Intel CEO says sanctions on China squanders opportunity for US chipmakers like Intel

When the Middle Kingdom starts making its own processors, it won’t buy ones made by me!

Computex Further US export restrictions on China may force the country to develop its own advanced semiconductors and significantly compete against US chipmakers, Intel CEO Pat Gelsinger cautions.

During a press conference at Computex in Taipei this week, the Xeon chief said China's inability right now to make its own cutting-edge chips means it has to rely on those from America and other Western countries, export limits allowing, describing that situation a "good market opportunity" for the likes of Intel.


Gelsinger shoots from the lip at Qualcomm and Nvidia


The technological gap between Intel and Chinese foundries is quite large. Intel is fabbing next year's Panther Lake CPUs on its 18A (or 1.8nm) process, while Chinese foundries such as SMIC have only just got 7nm processors out on the market. However, SMIC and other foundries apparently can't produce 7nm chips in high volume – the yield is thought to be in the toilet – according to Commerce Secretary Gina Raimondo, meaning China is largely limited to chips built on 14nm or older nodes.

TSMC and Samsung are in a similar superior position, being at the forefront of advanced chip production.

While sanctions and export restrictions on China and Chinese companies are designed to keep the Middle Kingdom at a technological disadvantage, Gelsinger says turning up the heat too much could have the opposite effect. "If that line is too restrictive, then China has to build its own chips," the CEO said. Or rather, not buy Intel's.

The initial round of sanctions in 2022 was already fairly harsh, as it prevented the export of Nvidia's A100 and H100 to China, among other chips with performance deemed to be too high. Those export restrictions were upgraded in October to include GPUs that Nvidia made to comply with the initial restrictions, namely the A800 and the H800.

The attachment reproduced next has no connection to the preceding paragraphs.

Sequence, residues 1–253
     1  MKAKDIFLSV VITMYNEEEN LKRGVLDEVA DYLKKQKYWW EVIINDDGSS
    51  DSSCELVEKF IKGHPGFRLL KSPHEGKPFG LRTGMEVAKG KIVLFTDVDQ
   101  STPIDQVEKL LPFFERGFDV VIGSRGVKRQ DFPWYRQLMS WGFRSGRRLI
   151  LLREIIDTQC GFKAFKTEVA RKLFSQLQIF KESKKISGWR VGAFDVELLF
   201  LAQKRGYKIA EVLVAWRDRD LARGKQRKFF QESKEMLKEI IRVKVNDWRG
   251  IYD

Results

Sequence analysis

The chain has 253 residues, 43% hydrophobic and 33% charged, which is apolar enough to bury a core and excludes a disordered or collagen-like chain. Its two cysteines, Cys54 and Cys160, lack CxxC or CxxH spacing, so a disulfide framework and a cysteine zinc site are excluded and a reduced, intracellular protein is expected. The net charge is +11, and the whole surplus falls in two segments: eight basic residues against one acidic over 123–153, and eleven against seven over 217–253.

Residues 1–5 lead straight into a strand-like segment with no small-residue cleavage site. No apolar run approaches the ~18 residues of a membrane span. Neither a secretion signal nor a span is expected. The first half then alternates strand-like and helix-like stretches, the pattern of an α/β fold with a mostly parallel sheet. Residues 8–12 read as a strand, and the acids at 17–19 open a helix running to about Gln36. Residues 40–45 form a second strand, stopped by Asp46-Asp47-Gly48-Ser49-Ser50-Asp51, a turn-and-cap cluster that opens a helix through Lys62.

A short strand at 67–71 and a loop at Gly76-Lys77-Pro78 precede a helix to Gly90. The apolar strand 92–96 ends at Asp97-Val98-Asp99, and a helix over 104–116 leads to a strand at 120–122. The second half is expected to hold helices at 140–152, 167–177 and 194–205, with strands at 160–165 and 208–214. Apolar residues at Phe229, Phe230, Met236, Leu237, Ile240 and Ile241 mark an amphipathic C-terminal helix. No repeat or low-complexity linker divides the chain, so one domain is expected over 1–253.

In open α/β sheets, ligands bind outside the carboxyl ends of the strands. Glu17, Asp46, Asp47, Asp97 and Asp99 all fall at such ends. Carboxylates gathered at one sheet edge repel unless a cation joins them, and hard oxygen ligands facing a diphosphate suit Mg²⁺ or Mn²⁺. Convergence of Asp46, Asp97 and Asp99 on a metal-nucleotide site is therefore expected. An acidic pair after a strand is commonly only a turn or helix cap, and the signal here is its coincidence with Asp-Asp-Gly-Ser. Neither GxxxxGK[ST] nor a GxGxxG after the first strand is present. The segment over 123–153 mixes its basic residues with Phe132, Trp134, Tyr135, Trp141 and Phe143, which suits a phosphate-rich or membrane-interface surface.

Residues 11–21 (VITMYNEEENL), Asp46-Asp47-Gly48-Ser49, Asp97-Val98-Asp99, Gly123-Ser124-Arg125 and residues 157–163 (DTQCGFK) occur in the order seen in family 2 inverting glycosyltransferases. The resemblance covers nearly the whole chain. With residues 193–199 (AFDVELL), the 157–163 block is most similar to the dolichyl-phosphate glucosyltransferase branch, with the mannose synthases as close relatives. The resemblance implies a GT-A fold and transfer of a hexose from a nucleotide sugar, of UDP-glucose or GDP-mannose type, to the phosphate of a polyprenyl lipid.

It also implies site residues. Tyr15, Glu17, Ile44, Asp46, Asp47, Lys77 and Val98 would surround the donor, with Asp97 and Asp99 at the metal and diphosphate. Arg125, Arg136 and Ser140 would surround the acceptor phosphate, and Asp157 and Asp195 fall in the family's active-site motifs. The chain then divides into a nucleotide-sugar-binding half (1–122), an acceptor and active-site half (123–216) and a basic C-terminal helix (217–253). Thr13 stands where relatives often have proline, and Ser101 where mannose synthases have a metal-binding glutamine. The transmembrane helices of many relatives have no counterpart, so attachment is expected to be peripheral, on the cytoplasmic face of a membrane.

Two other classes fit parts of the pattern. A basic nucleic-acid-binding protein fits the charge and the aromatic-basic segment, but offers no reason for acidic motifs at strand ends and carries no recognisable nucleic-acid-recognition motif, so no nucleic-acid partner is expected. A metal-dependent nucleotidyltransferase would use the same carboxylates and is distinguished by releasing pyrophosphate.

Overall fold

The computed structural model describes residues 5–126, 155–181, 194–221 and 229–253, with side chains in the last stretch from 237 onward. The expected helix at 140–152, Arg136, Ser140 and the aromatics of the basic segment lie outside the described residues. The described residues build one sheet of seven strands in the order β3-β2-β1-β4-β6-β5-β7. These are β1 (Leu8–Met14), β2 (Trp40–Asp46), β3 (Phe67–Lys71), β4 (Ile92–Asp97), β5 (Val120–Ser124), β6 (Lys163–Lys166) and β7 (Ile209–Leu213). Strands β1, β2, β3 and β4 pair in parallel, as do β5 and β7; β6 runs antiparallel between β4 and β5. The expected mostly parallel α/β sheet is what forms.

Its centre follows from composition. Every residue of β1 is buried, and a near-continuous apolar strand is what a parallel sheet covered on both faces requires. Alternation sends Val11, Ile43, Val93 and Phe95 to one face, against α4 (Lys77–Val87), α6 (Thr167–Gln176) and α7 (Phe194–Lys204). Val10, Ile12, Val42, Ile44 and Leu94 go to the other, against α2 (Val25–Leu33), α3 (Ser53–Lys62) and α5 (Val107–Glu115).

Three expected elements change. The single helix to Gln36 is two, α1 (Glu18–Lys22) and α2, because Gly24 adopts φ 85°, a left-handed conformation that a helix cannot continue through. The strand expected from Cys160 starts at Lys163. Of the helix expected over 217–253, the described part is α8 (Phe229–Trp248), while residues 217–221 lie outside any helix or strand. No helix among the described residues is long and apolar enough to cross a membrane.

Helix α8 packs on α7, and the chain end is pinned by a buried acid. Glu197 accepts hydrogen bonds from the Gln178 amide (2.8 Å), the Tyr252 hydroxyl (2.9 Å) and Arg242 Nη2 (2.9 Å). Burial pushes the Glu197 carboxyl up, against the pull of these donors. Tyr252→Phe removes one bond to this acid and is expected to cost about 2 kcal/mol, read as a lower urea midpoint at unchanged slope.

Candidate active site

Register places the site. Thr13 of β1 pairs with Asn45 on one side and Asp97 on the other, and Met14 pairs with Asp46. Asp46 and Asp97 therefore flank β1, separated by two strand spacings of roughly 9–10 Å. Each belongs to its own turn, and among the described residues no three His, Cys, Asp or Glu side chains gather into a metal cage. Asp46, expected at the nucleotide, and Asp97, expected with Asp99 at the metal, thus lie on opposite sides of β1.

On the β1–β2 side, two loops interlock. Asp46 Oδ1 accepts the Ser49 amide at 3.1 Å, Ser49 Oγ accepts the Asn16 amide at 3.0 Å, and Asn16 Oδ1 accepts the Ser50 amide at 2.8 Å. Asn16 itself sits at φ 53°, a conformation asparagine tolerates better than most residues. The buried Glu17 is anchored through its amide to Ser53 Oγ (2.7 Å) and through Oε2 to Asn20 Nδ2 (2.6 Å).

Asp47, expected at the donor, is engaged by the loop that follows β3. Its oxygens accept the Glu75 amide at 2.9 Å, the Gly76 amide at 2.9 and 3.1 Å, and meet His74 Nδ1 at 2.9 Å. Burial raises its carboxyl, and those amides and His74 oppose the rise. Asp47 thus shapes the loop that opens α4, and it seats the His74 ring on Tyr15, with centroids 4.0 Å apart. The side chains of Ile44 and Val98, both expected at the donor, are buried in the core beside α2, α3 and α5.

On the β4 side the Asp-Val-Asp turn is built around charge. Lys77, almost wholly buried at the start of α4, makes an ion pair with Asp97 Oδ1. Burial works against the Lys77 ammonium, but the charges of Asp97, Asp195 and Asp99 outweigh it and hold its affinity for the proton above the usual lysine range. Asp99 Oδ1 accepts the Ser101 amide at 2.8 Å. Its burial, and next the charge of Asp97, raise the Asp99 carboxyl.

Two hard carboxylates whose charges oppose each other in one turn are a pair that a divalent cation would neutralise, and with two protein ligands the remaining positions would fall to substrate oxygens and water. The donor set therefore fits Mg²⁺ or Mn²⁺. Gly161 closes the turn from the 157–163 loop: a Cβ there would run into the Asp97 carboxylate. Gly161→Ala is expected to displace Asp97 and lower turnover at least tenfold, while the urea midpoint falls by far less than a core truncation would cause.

The October sanctions led Nvidia to nerf its chips yet again for China. Similarly, Intel has a version of its Gaudi 3 AI processors specifically intended for use in China, and it presumably performs worse than the non-China models.

Instead of just accepting that it won't be able to get higher-end chips anymore, Gelsinger says China will just try and make them itself, decreasing its reliance on US tech, and making itself even more immune to further sanctions. This is arguably already happening to some degree, as Chinese tech giant Huawei is already pursuing its own chipmaking tools and has launched its latest Ascend 910B GPU, which is allegedly equal to Nvidia's A100.

America has been leaning on suppliers and friendly nations to not sell to China cutting-edge semiconductor manufacturing tools, forcing the Middle Kingdom to either acquire that tech through other means, develop it by itself, or rig up older equipment so that it can scale down to smaller process nodes.

It's probably also about money for Intel

Of course, Gelsinger would probably also appreciate less strict sanctions since it would allow Intel to sell faster processors in China, which would increase its lead over China-based competitors. This has apparently been an issue for Nvidia, which had to cut the price of its H20 GPU, the fastest it can sell to China, to be cheaper than Huawei's Ascend 910B.

Intel has not only been inhibited by sanctions in respect to Gaudi 3, but also concerning its consumer-grade Meteor Lake chips. Chipzilla was initially able to supply Huawei with Meteor Lake CPUs for the Chinese giant's latest MateBook X Pro laptops thanks to a special export license it obtained in 2020. However, outrage from American politicians over the Intel-powered laptop pushed the Commerce Department to revoke Intel's export license.

The loss of the license caused Intel to revise its expected revenue range for 2024, from $12.5 billion to $13.5 billion, to now $12.5 billion to $13 billion. That implies that the financial fallout of not being able to sell Meteor Lake chips to Huawei as expected was as much as $500 million.

While Gelsinger may be correct that extreme sanctions could inadvertently push China to more meaningful semiconductor self-sufficiency, there's undoubtedly much Intel would gain by more forgiving export rules. ®

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